Congratulations to James Munene on receiving the Wenner-Gren Foundation Dissertation Fieldwork Grant, Leakey Foundation Research Grant, and the Leakey Foundation Francis H. Brown African Scholarship for his project titled "The Ecological Context of Modern Human Evolution in Central Rift Valley, Kenya during the late Quaternary"!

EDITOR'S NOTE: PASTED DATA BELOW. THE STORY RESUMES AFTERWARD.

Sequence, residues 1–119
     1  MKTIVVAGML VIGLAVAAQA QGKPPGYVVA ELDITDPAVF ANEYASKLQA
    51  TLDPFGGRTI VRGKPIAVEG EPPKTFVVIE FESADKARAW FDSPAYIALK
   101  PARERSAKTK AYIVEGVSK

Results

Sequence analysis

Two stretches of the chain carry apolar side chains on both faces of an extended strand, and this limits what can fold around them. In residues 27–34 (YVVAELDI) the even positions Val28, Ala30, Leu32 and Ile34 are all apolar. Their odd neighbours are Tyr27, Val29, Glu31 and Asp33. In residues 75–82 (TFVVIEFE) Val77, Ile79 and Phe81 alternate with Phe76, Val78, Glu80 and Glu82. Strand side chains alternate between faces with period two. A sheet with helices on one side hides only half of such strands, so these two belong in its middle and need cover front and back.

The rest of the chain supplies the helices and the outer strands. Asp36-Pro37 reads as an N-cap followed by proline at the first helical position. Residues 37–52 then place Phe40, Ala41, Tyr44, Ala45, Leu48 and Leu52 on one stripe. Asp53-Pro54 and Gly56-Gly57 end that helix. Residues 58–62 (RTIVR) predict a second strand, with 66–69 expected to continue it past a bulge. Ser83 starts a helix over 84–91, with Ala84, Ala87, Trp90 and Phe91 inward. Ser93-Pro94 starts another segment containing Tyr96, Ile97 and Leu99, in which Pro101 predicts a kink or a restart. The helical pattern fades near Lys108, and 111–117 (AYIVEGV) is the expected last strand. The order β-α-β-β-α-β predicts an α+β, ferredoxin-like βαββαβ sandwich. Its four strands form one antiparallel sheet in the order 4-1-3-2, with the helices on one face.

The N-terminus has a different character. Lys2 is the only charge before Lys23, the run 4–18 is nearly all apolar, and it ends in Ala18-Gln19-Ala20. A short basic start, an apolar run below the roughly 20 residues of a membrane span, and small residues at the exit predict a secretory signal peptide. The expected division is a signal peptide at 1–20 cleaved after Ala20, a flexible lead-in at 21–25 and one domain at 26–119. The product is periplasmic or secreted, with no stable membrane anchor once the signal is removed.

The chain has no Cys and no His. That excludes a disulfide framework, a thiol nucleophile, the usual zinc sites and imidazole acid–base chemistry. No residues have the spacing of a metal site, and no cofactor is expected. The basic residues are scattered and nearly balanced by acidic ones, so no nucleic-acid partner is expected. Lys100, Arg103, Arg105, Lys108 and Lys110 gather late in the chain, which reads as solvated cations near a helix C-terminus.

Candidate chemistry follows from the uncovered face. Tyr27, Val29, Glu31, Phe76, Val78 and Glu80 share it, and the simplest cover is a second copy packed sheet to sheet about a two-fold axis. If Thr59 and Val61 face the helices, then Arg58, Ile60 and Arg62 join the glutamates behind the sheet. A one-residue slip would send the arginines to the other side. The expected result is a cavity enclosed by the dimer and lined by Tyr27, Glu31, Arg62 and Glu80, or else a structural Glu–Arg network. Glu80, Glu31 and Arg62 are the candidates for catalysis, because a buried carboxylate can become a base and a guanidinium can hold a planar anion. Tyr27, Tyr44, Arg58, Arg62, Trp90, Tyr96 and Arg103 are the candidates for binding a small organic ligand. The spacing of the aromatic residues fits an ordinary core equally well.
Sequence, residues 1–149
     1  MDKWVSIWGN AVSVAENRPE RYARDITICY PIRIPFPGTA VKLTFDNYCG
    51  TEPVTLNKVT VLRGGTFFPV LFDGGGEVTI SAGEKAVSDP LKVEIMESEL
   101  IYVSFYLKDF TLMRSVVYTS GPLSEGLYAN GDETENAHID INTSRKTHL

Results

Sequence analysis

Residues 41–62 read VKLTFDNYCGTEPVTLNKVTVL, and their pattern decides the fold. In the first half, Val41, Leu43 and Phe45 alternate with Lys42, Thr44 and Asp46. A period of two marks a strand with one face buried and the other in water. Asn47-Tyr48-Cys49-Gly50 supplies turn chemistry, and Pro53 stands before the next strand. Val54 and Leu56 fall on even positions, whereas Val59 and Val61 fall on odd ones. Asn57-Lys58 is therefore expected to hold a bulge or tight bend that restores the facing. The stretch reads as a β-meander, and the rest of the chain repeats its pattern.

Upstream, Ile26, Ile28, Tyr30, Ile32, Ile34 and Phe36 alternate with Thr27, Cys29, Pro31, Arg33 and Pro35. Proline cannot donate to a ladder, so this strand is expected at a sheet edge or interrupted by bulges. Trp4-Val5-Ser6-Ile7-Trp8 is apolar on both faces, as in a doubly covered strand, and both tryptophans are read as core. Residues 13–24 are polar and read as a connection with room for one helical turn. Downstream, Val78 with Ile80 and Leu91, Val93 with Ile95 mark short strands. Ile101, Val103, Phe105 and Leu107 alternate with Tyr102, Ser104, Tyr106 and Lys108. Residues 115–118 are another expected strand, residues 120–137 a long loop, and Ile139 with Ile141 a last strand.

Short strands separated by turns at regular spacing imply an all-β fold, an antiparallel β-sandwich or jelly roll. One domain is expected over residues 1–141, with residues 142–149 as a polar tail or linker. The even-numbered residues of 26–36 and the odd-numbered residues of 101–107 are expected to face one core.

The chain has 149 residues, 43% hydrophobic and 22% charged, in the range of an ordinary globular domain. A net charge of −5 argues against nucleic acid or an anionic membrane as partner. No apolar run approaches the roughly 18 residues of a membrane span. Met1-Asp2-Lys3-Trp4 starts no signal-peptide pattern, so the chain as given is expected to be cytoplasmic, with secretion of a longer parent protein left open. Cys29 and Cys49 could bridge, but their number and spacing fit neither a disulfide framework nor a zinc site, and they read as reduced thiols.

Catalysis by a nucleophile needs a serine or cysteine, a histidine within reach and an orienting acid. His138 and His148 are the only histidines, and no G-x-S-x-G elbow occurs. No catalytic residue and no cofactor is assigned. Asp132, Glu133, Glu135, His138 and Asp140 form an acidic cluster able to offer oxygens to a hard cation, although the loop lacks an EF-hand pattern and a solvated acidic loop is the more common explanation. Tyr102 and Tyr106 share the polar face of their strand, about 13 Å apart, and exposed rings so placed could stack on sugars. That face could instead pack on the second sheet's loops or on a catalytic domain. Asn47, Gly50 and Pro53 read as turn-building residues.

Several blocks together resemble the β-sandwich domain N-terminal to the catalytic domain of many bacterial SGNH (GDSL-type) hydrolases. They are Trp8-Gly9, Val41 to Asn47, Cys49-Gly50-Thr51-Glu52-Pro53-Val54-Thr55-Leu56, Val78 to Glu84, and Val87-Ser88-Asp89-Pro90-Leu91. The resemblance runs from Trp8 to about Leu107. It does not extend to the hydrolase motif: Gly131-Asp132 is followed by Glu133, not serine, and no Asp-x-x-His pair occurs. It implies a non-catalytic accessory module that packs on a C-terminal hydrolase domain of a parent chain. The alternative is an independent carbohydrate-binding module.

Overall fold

Tracking the processes by which H. sapiens developed its extraordinarily broad ecological niche has been argued as key for understanding the evolution of behaviors characteristic of our species. Our ability to pursue these ideas in East Africa, however, has severely been impeded by that region's small and incomplete record of well-dated archaeological sequences and associated environmental evidence. James Munene's research seeks to improve our understanding of the ecological contexts of modern human evolution in the Central Rift Valley, Kenya, and test hypotheses of the environmental changes during the Late Quaternary (~350,000–10,000 years ago ka). James' research will address three questions: (1) Do local terrestrial environments in which modern humans evolved in Central Rift Valley reflect broader shifts in climate registered in East Africa during the Late Quaternary? (2) Did ranging patterns and degree of social connectivity differ during arid and humid periods? (3) Are there changes in lithic technology through time that suggest increasing adaptability to environmental change? This will be achieved through the excavation of two long Middle Stone Age sequences in Kenya’s Central Rift ­– Ilkek Drift and Malewa River Gorge. Stratified throughout both sequences are volcanic ashes that provide excellent opportunities for dating and intersite correlation with others across the broader region. Both deep sequences possess interstratified lake sediments with Malewa also containing fossil mammals, which provide opportunities for developing high-resolution, multi-proxy paleoenvironmental reconstructions. The Central Rift also has many chemically distinct obsidian sources whose chemical provenience analysis provides opportunities for analysis of mobility and interaction. This project will set the pace for further site-specific, high-resolution reconstructions and contribute knowledge on whether and how environmental changes precipitated innovation during the behavioral evolution of our species.